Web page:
It just doesn't make any sense, unless... A. you are either dumber than a bag of hammers, or B. you are a liberal who enlisted only for a premeditated anti-war publicity stunt.
Most likely the answer is both, A&B.
From Canada's National
VANCOUVER — U.S. army deserter Robin Long is slated to be deported back to his army base in Fort Knox, Ky., Tuesday, which would make him the first resister to the U.S. war effort in Iraq to be sent out of Canada.
Madam Justice Anne Mactavish of the Federal Court of Canada cleared the way for the deportation late Monday, dismissing a last-ditch attempt to delay the process while the 25-year-old pursued further appeals.
“I was just shocked at some things in [the] ruling,” Bob Ages, a spokesman for an informal group called Vancouver War Resisters Support Campaign, told reporters outside the courtroom. “It just flies in the face of everything that we and every Canadian know about the reality of what is going on.”
Mr. Ages said the court misunderstood the situation facing Mr. Long upon his return.“I do not think there is any doubt someone being up in Canada, and a vocal opponent to the war, will be treated harshly by the American military … there is no question he will be court-martialed and will receive severe punishment.”
Mr. Long's deportation would be a “terrible precedent for Canada, especially given our history of providing sanctuary for war resisters, over 100,000 draft dodgers and deserters during the Vietnam era,” he said earlier to reporters.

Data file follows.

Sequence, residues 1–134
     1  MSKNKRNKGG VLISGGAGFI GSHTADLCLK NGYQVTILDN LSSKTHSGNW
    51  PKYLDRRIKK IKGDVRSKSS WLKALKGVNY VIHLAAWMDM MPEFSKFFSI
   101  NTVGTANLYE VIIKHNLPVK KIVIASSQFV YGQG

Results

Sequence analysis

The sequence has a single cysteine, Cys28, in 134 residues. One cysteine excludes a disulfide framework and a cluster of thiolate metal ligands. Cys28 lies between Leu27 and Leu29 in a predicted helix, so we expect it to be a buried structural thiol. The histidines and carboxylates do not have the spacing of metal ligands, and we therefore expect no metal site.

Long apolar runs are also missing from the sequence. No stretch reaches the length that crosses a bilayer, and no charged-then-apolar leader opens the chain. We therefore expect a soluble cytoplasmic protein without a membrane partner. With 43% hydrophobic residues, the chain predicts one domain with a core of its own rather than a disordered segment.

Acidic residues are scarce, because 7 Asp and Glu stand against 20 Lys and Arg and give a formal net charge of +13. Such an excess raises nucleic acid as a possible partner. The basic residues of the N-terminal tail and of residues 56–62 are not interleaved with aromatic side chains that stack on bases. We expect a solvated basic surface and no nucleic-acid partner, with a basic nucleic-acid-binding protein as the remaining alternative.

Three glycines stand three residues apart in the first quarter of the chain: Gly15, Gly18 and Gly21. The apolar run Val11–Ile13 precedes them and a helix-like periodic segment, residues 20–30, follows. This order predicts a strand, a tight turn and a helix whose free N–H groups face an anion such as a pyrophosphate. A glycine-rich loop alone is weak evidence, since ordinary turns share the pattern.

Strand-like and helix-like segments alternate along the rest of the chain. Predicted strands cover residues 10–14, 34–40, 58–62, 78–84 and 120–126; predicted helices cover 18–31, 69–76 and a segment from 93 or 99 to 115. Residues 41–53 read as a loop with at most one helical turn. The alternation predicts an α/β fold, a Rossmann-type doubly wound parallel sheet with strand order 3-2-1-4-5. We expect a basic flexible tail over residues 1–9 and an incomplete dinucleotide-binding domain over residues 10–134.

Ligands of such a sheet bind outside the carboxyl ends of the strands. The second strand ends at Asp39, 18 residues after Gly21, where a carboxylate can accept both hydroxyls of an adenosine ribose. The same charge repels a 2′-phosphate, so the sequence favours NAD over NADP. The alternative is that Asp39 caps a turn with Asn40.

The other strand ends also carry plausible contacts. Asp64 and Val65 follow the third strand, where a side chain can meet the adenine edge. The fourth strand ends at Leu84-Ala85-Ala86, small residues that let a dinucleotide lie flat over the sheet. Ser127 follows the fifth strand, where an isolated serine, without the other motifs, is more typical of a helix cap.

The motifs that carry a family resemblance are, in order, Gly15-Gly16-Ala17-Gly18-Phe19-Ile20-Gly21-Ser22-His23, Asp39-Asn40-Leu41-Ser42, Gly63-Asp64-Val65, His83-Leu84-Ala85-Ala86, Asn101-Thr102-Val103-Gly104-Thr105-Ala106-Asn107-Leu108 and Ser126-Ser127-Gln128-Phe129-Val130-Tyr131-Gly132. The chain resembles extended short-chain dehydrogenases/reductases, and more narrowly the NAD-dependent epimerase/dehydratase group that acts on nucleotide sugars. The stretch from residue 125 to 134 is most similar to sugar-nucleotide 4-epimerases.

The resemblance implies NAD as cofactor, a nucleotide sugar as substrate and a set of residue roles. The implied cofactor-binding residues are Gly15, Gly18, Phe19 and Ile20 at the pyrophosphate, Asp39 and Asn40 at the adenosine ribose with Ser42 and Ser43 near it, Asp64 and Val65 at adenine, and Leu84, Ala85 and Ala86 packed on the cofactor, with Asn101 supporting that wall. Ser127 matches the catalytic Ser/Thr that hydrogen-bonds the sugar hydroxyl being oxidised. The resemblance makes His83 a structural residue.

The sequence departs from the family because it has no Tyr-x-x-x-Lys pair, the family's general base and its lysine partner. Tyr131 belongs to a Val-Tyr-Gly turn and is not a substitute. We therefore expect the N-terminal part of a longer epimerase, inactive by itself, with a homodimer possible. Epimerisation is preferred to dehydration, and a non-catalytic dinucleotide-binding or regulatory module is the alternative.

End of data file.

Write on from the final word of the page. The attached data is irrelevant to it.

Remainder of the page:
“This will be the first time Canada played gendarme to the American military,” Mr. Ages said, appealing to Prime Minister Stephen Harper or Immigration Minister Diane Finley to intervene. Members of the support group were to meet at the Peace Arch border crossing this morning to protest the deportation.
The war resisters support group is aware of about 50 deserters in Canada, Mr. Ages said, although the group has been told that “hundreds” are living underground in Canada.
Mr. Long, who fled to Ontario in 2005, had signed up to join the U.S. Army in July, 2003. He believed at that time that his country was justified in going to war in Iraq, his lawyer Shepherd Moss said at the court hearing to halt the deportation. Mr. Long intended to train as a tank commander. “He wanted to go to defend his country,” Mr. Moss said.
The rest here
Well, tough luck pal. You thought the military is a bed & breakfast that offers free room service and a la carte menu. Do what you want when you want, leave if you don't like the view from your room.
Guess what. It's not. Welcome to the military prison. Bed and three meals a day.